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Degenerate Performance Scenario for LMDB

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Degenerate Performance Scenario for LMDB

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I was working peacefully through some stuff with Voron, when I ran into some really bad performance in a pretty important scenario. I decided that this is probably something that I was doing wrong, and set out to reproduce the same scenario in LMDB, to figure out what I was doing wrong.

Here is the code:

int main(int argc,char * argv[])
    int i = 0, j = 0, rc;
    UUID id;
    MDB_env *env;

    MDB_val key, data;

    MDB_stat mst;
    MDB_cursor *cursor;
    char sval[32];
    clock_t start = clock(), end;


    rc = mdb_env_create(&env);
    rc = mdb_env_set_mapsize(env, 1024*1024*768);
    rc = mdb_env_set_flags(env, MDB_WRITEMAP, 1); 
    rc = mdb_env_open(env, "E:\\data\\lmdb2", 0, 0664);

    key.mv_size = sizeof(UUID);
    data.mv_size = sizeof(sval);
    data.mv_data = sval;
    for (i=0;i<100;i++) {    
        MDB_txn *txn;
        MDB_dbi dbi;

        rc = mdb_txn_begin(env, NULL, 0, &txn);
        rc = mdb_open(txn, NULL, 0, &dbi);

        for (j= 0; j < 100; j++)
            key.mv_data = &id;
            rc = mdb_put(txn, dbi, &key, &data, 0);

        rc = mdb_txn_commit(txn);
        mdb_close(env, dbi);

    end = clock();

    printf("%i", (end - start));

    return 0;

As you can see, we are inserting 10,000 items (100 transactions of 100 items each). Each item has key of 16 bytes and a value of 100 bytes. Now, you might note that this is probably the worst case scenario for a B+Tree, UUIDs are unordered, and this generates a lot of fragmentation in the tree. Bad scenario, yes, but also a relatively common one, and one that needs to be handled properly for our needs. It took me a long time to narrow down what is actually going on. At first I was convinced that the problem was with Windows’ implementation of memory mapped files, but eventually I realized that select ain’t broken.

Here is the Process Monitor’s trace of the first few transactions. The highlighted calls are to FlushBuffersFile, which is how FlushFileBuffers look, which indicates a commit.


As I said, those are the first few transactions. You can see that the OS is doing a pretty good job in merging writes and avoiding seeks. However, as times goes by …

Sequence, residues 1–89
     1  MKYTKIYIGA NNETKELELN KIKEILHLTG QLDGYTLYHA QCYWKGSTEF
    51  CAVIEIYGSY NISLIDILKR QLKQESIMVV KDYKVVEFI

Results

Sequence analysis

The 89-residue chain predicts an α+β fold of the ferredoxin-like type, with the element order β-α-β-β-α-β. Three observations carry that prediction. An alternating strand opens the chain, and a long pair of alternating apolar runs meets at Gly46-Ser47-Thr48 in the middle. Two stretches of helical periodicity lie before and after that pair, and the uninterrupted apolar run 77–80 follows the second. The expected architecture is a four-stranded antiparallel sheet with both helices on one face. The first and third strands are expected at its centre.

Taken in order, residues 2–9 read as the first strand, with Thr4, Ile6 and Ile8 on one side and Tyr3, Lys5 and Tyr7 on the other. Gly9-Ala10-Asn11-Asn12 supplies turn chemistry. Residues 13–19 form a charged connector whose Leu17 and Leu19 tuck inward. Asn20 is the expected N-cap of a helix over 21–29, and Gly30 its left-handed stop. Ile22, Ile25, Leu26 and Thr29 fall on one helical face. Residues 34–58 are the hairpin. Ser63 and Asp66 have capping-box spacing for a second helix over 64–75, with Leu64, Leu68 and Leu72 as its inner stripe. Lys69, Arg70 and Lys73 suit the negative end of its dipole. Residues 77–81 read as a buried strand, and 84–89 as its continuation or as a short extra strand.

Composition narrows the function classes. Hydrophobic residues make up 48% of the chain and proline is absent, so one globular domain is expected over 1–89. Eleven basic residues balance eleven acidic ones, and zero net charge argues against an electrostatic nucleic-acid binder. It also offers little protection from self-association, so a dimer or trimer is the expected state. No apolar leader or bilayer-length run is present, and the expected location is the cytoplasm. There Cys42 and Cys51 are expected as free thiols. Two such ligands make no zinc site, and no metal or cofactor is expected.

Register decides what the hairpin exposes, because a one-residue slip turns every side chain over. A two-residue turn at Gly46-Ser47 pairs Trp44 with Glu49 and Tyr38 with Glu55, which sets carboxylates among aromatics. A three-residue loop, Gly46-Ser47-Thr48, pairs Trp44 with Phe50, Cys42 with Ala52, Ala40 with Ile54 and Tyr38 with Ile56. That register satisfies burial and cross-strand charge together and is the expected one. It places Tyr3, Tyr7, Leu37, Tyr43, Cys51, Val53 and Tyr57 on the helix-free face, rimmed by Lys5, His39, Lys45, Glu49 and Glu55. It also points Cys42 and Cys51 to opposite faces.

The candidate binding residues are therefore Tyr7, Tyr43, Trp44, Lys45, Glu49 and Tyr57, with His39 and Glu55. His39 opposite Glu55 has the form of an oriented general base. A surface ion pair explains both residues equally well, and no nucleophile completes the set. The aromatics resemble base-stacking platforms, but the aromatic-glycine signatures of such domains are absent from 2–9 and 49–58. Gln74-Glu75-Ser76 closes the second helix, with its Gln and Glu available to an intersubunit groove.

And as more times goes by, we get to (there are more rows at the top that I had to remove so I could take the snapshot) …


In fact, I put the data in Excel and got:


And those are some really bad numbers, I think you’ll agree. After the very short period of time, the cost of committing a transaction goes to over 50 seeks and writing of 350 KB.

Let us compare that to what happens when we are actually writing sequential data (using UuidCreateSequential instead of UuidCreate). The test complete in half the time, and the actual statistics are also very interesting.


We are writing a lot less, but much more importantly, we are doing a lot less seeks. For reference, here is the final transaction that we have with the sequential write scenario:


I ran those tests on a HDD drive, so seek times matter a lot, but I have gotten similar results when running on an SSD.

Now, the interesting question here is what exactly is going on? And I think that a large part of this is the way LMDB allocates pages. It uses a copy-on-write method, which means that after the transaction is done, the previously used pages are free. That means that they can be reclaimed, and the next transaction will do just that. The problem with this approach is that it tends to spread writes all over the file. This saves disk space, but requires a lot more seeks when you need to commit a transaction.

That means that, in order to optimize this particular scenario, I probably need to do some thinking about the free page allocation behavior. We want to be a lot more conservative about when and how we give out those pages, to make sure that we aren’t generating a really bad situation for the database when commit time comes.

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